The Status of Statins and Erectile Function
When cholesterol management is no longer achievable through self-improvement measures, including a tweaked diet and lifestyle changes, medicines such as statins can be helpful.
While some information (or misinformation) implies statins may have an effect on erectile performance, reliable data in support of this theory is scarce, according to doctors in the know. Of course, there's always the chance patients who ignore recommendations from their cardiologists put themselves at risk for other health problems beyond erectile dysfunction (ED).
Many cardiologists agree that if there is a relationship between statins and ED, it's more incidental.
"There's no evidence that statins cause erectile dysfunction," said Ron Blankstein, M.D., a cardiologist and a professor of medicine at Harvard Medical School with additional expertise in cardiovascular imaging.
No overnight alternative
Diet can be instrumental in helping to manage cholesterol levels, but even with proper diet and exercise, it takes time to reduce cholesterol levels. Dangerously high levels of cholesterol can persist despite exercise if your diet isn't carefully managed, as well.
The effects of statins have been observed in hundreds of thousands of patients, and known potentially negative correlations, such as muscle weakness or an increased risk of diabetes or liver damage, are generally unverified or exaggerated. The confirmed negative consequences associated with statins affect a small portion of the people who use them.
If you've heard statins can cause memory loss or an increased risk of developing dementia, this isn't necessarily true. As clarified by Johns Hopkins Medicine, statin use is sometimes associated with impaired thinking or fuzzy mental focus, but there's no clear indication these symptoms are statin-induced. Cognitive impairments could just as likely be due to the common age of patients taking statins, or could be related to additional health concerns associated with high cholesterol or the people taking statins.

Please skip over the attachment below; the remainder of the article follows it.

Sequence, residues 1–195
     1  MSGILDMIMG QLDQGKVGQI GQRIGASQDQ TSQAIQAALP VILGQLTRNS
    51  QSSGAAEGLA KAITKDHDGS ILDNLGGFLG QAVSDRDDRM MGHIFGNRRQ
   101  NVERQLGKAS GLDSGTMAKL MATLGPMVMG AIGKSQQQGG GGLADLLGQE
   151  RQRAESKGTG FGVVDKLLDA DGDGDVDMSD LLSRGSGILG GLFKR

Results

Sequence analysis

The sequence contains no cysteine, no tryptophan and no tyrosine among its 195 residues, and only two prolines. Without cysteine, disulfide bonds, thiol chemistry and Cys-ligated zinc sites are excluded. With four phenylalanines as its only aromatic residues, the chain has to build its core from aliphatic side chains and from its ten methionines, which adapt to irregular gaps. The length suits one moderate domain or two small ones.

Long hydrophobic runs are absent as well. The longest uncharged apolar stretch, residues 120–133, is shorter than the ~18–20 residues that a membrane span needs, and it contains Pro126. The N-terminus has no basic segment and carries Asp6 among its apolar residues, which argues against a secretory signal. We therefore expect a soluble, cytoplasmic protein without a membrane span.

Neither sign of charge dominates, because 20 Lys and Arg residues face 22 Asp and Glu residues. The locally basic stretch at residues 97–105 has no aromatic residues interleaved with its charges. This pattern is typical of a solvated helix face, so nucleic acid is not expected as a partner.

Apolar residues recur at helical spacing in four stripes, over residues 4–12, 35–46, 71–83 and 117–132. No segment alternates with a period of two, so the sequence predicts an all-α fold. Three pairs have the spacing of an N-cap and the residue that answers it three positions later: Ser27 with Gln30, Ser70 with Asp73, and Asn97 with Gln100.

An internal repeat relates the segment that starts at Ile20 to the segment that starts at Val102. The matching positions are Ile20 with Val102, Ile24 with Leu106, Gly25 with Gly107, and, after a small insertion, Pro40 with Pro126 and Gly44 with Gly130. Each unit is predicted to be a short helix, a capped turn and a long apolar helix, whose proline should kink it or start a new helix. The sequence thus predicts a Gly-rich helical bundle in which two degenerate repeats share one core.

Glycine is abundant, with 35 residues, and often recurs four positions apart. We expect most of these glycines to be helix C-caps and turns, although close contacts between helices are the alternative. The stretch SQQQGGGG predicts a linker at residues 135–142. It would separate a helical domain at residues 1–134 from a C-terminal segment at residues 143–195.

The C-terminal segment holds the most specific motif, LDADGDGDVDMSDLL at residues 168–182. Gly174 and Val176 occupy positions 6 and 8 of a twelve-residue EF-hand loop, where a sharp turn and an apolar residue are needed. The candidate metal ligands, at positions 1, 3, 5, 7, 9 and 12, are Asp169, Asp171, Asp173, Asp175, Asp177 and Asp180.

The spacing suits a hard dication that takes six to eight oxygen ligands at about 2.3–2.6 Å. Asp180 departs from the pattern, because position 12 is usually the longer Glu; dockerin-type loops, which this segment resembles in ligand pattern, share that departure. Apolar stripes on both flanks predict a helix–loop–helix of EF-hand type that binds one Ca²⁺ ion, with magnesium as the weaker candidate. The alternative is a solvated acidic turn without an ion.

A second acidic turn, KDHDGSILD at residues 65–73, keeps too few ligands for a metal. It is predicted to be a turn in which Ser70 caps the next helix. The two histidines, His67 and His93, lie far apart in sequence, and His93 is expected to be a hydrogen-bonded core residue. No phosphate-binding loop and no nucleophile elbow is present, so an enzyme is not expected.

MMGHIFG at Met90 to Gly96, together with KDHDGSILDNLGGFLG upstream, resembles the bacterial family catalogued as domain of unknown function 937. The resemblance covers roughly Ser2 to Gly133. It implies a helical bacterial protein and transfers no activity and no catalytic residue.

Similarly, implications about statins being an erectile deterrent don't stand up against the research or scrutiny of urologists.
Don't take our word for it
Some patients make the assumption that improving certain general health factors, such as cholesterol levels or body weight, will lead to improved erectile or sexual performance, said Kevin McVary, M.D., a urologist and a professor with Loyola Medicine in Maywood, Illinois.
"You can't take a cholesterol pill thinking your erection is going to get better," he said.
This common cause-and-effect expectation people form is based on conjecture rather than research, though it is true some cholesterol medications can have a "transient" impact—whether temporary and/or tangential—on erectile performance. McVary referred to cholesterol medications that lower nitric oxide—a critical neurotransmitter that drives erectile function—specifically.
"Statins are the good ones," he said, and the statement is reflected in other literature and sources.
If your doctor determines cholesterol medication is the right choice for you, it's important to weigh the medication's benefits against your concerns relating to erectile performance.